how a bout pure maths n physics

    (is quantum phy a major by itself!?)

    ty
     
    Last edited: Sep 21, 2006
  20. Sep 21, 2006 #19

    J77

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    I don't know about your experience, but in mine it's hard enough getting all departments within, say, an engineering faculty synchronised.

    A nightmare if you're different faculties.
     
  21. Sep 21, 2006 #20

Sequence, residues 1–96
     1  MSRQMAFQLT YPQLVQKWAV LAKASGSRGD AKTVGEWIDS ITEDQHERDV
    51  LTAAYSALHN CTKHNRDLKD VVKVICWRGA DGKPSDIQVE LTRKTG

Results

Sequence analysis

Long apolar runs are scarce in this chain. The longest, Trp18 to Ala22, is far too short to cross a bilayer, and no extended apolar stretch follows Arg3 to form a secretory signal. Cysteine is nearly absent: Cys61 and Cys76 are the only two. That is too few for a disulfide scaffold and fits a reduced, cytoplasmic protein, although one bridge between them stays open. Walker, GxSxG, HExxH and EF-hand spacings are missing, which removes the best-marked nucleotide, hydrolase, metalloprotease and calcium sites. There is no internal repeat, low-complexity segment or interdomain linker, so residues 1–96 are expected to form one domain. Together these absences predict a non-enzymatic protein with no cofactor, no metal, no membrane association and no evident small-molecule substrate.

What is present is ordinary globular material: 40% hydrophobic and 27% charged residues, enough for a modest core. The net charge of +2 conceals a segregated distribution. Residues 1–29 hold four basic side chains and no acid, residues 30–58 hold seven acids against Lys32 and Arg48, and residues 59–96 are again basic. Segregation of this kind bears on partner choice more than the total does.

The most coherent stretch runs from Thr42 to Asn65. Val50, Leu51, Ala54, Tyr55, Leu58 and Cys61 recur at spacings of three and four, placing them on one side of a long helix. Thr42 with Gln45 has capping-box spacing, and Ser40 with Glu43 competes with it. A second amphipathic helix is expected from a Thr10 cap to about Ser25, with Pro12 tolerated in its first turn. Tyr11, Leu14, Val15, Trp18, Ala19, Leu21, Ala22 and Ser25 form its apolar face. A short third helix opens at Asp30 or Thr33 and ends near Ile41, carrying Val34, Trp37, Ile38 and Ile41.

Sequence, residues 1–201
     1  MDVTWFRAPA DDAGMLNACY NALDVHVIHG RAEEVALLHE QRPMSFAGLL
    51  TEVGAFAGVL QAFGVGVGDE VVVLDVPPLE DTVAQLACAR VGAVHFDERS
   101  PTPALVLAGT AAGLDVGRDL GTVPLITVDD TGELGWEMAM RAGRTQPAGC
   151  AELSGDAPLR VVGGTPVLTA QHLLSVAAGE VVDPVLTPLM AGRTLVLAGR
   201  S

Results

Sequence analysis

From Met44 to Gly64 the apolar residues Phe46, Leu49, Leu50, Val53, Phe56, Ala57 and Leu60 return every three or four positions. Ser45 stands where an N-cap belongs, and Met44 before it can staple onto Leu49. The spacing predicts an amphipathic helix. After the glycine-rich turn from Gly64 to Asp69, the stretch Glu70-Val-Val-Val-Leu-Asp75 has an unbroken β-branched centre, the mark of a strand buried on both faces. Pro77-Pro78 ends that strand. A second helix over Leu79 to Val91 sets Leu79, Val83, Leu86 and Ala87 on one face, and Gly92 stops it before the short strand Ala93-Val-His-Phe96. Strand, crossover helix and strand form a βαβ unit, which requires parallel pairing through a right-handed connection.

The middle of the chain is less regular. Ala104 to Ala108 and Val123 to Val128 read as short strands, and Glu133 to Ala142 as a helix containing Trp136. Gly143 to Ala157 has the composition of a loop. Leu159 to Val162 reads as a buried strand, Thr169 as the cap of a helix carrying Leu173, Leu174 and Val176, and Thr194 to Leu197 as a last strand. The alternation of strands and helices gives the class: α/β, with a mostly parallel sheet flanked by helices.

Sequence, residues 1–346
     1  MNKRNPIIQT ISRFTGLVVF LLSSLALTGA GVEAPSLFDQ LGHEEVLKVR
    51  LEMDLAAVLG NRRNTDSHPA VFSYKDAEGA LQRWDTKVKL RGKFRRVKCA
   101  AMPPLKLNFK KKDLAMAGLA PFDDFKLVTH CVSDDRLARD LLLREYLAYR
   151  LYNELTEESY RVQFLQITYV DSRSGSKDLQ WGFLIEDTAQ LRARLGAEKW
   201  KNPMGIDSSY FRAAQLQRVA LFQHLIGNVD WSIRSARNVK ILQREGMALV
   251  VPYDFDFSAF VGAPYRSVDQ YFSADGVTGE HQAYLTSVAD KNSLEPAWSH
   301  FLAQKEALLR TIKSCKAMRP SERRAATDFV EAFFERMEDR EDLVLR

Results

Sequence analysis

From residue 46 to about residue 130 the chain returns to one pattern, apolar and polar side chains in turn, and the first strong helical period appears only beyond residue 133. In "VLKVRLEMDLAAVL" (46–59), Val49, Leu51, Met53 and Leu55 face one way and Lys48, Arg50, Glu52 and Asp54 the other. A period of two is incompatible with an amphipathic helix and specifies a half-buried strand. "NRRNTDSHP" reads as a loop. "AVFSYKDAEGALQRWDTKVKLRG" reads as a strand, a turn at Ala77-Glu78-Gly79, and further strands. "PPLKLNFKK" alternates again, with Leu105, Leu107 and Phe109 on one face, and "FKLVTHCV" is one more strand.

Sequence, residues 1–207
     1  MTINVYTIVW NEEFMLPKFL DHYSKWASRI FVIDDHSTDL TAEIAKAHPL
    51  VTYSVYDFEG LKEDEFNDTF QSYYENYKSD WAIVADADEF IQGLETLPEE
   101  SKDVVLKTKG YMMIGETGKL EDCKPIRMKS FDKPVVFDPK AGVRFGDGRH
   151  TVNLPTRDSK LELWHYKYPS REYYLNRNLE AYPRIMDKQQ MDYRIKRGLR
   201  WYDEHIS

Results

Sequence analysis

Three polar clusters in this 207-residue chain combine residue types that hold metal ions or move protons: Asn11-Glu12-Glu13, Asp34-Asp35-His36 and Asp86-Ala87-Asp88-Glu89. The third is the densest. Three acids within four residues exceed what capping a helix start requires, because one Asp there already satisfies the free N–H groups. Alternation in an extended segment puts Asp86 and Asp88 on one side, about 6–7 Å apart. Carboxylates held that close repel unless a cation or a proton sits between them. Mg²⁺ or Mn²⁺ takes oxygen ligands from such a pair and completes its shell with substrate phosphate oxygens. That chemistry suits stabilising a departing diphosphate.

I double majored in math and physics and met B.S. requirements for both degrees at UNC-Chapel Hill. While I was at it I also got a concentration in statistics that included a long term actuarial models class. It took 5 years and I had to take summer classes. In retrospect, I think doing research internships in the summer and scaling one of my degrees down to a minor or B.A. would have been MUCH better. It seems both employers and grad schools like to see hands on accomplishment outside of the classroom. I did a bit of research in fluid dynamics and had the opportunity to possibly publish and graduate with highest honors but couldn't because I had over committed. Moral: Don't always assume more is better. By the way, since graduating I have worked for a small actuarial firm and did not find the work to my liking, so I highly recommend doing an intership while in school to make sure it is a good fit. Signa is probably one of the best actuarial employers to work for. They have an executive spiral program that works you into top executive positions within the company in as little as ten years. I went to a hiring seminar by Signa and they said guys there made +250k a year. Check out there website. If you a serious about becoming an actuary look at schools with an operations research dept. UNC-CH has one but I don't know who else does.